Classroom on the slopes

Alpine skiing is more fun when you learn how to do it better.

Skiers head down the mountain at Lutsen.
Skiers head down one of Lutsen's four mountains.

When you live in the frozen north, you may as well embrace winter.

My idea of fun is to cross-country ski, but for that, Mother Nature needs to bring snow. But alpine skiing, which I also like, requires only some big snow guns.

After one wimpy winter, I bought alpine skis. They cost a lot, but I can actually use them, unlike my Nordic skis, all winter long.

After another wimpy winter, I decided I might be using them a lot. So I called the ski school at Lutsen Mountains, on Minnesota's North Shore, and asked instructor Marcela Perez-Abreu how I could get over the "intermediate hump."

"That's a tough plateau to break," she said. "But you're going to break it a lot easier and faster with some instruction."

That's how I ended up sitting on a Lutsen chairlift with Arnie Wright, who was a ski instructor on loan from Cascade Mountain in Wisconsin, discussing black-diamond runs.

So far, I could only ski them ugly: crouching, making wide turns, wedging to slow down.

But how could I be like other skiers I'd seen, making those tidy little turns, knees together, swish-swish-swish down a sheer drop? How could I look cool?

Wright, who spends every March skiing at Vail, sighed and thought about it.

"Lots of practice," he finally said. "The average Midwesterner is lucky to ski 10 or 15 days a year, okay? People who get very good ski a lot more."

I knew to push my shins against the tops of my boots and to pull my butt in rather than sit back as if water-skiing. I knew not to turn with my shoulders, and to keep my upper body pointed downhill.

But tidily carved turns? Hardly.

Ski instructor at Lutsen.
A Lutsen ski instructor explains how to carve turns.

The key, Wright said, is the little toe. Roll the little toe left to turn left, and right to turn right; the other leg will follow. Tip, and then tip some more.

If you do it right, you'll see two pencil-thin arcs carved in the snow behind you.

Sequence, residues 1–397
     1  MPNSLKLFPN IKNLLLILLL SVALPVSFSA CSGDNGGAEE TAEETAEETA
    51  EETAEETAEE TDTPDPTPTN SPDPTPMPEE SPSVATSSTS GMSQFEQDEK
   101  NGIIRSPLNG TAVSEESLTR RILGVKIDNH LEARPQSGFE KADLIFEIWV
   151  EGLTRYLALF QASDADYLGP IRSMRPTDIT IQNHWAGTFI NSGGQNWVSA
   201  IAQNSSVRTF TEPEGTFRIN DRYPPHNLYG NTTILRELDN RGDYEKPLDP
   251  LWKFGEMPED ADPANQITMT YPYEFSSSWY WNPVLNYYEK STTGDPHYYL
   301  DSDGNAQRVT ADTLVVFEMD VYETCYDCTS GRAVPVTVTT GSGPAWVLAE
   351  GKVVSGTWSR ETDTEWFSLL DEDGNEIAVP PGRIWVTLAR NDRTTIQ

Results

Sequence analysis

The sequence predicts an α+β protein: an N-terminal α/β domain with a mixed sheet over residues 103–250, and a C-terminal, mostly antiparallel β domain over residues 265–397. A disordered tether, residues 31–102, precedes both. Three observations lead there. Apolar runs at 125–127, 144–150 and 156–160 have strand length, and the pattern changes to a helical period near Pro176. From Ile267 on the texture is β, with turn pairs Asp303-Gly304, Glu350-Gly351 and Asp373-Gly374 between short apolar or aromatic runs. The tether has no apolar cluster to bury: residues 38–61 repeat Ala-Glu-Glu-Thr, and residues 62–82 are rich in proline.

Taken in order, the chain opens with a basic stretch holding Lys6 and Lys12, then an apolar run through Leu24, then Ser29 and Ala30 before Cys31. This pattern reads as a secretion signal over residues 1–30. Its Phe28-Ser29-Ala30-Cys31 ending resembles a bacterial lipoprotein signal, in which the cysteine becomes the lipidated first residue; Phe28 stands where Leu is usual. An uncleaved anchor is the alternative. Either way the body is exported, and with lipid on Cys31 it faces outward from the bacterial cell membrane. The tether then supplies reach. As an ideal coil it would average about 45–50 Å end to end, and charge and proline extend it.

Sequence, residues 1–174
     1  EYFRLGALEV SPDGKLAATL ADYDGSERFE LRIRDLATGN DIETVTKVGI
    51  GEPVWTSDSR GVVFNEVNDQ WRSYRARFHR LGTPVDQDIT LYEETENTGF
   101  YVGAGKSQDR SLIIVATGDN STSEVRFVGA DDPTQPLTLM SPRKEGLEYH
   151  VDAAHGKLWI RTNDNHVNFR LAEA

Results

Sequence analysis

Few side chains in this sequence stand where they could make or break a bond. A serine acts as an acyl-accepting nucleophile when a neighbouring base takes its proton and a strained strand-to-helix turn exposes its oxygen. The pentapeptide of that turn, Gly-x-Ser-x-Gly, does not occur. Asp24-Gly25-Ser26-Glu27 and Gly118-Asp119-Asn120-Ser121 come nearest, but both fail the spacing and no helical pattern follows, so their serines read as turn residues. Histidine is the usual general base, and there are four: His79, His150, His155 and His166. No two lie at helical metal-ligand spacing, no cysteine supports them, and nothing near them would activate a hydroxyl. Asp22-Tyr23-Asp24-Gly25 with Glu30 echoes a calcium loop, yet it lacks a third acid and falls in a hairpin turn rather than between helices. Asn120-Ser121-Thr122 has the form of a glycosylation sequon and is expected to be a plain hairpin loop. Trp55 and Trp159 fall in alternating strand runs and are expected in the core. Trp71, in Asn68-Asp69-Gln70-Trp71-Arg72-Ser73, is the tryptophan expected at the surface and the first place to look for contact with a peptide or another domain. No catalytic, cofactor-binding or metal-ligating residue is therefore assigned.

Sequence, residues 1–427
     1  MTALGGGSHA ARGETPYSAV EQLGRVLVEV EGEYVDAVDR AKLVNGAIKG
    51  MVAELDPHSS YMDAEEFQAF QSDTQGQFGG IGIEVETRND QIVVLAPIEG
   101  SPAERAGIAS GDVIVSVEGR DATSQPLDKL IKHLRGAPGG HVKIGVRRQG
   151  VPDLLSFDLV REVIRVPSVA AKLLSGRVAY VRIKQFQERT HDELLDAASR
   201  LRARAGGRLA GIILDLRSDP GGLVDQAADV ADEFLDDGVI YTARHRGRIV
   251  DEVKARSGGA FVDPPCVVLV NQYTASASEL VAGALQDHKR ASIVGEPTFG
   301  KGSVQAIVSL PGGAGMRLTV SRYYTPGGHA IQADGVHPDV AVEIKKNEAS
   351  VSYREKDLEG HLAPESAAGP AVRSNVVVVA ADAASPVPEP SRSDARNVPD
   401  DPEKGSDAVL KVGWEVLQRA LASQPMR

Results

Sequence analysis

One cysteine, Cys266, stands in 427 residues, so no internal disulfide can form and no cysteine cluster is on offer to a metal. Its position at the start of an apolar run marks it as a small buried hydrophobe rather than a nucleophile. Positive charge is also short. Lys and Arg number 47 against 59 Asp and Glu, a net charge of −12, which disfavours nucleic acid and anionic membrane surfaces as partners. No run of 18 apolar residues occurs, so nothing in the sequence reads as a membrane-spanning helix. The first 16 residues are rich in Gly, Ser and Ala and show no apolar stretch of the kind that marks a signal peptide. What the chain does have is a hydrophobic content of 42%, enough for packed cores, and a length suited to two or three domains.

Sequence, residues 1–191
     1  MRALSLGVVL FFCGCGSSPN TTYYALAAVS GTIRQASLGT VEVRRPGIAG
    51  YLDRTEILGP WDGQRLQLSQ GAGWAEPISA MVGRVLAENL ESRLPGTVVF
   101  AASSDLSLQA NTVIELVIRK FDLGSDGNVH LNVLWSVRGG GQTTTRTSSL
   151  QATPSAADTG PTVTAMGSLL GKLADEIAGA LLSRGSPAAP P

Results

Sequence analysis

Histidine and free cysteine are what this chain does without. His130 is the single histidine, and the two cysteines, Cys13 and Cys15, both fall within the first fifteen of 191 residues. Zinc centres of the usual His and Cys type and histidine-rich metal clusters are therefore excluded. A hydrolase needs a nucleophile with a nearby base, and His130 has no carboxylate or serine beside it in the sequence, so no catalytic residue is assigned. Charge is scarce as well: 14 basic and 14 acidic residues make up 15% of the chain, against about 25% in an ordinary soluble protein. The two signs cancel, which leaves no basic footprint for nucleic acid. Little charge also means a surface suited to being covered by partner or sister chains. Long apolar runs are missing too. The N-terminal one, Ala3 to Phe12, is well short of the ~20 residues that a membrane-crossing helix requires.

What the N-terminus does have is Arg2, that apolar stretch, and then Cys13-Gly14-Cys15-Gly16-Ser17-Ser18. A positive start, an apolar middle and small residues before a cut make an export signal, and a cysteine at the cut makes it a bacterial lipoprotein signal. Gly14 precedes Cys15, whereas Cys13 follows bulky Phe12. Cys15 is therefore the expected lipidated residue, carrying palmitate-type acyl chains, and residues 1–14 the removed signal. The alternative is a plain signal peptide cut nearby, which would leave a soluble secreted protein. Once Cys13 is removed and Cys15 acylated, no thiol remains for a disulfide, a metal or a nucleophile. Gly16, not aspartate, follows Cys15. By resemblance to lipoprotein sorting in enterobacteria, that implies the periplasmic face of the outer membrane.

Near the top of an easy run, we did exercises, carving figure-eights with boots only, then one ski, then two.

We did them in garlands, putting our weight on one ski and swishing the other one in and out. We practiced briefly releasing edges before quickly tipping into the next turn.

"Carving turns is a blast," Wright said. "When skis hook up with snow, it's really, really fun."

A wicked wind was blasting away at Eagle Mountain, slowing skiers in the middle of Bridge Run, and the snow was icy; Wright called it "sugar," but it was more like kosher salt.

It lay in loose piles on the narrow Catwalk, where I caught an edge and crashed — a "learning experience," my instructor said.

Watching me, he told me to maintain balance by rolling my pelvis slightly forward and keeping my arms in front of me, and he demonstrated by wedging his poles horizontally between his chest and elbows, hands sticking straight out.

I tried it, and it worked.

At the end of the hour, he took me past the "Experts Only" banner to the black-diamond Koo-Koo and I followed him down, too focused to be afraid.

The next day, I took another lesson, and a 13-year-old from Lakeville joined us.

We did some more figure eights and practiced the same techniques as the day before — but then he took us to a double-black diamond, the Cliff Run.

The bunny hill on a ski slope.
If you're a beginner, here's where to start.

He took off, and there was nothing to do but follow him. It was steep, it was icy, and there was a pack of wild snowboarders crunching down behind us. But we suspended fear — all thought, in fact — and did it.

It was a Cowardly Lion moment, since my "courage" consisted mainly of Wright's assurance that I could do it. Still, I'm now officially a double-black diamond skier. The next trick will be to make it look easy.

Trip Tips: Where to ski and take lessons

All ski hills offers lessons, and many offer great deals for beginners. They don't publicize them much, so you have to ask.

For more, see Bargains for beginners.

Always check websites for deals and packages. Buy online and in advance to save money. Reserve lessons and children's programs in advance.

Late winter and spring is a good time to learn, when snow is softer and more forgiving.

For a guide to ski areas in the Upper Midwest, see Fun in the fast lane.

Last updated on February 23, 2020

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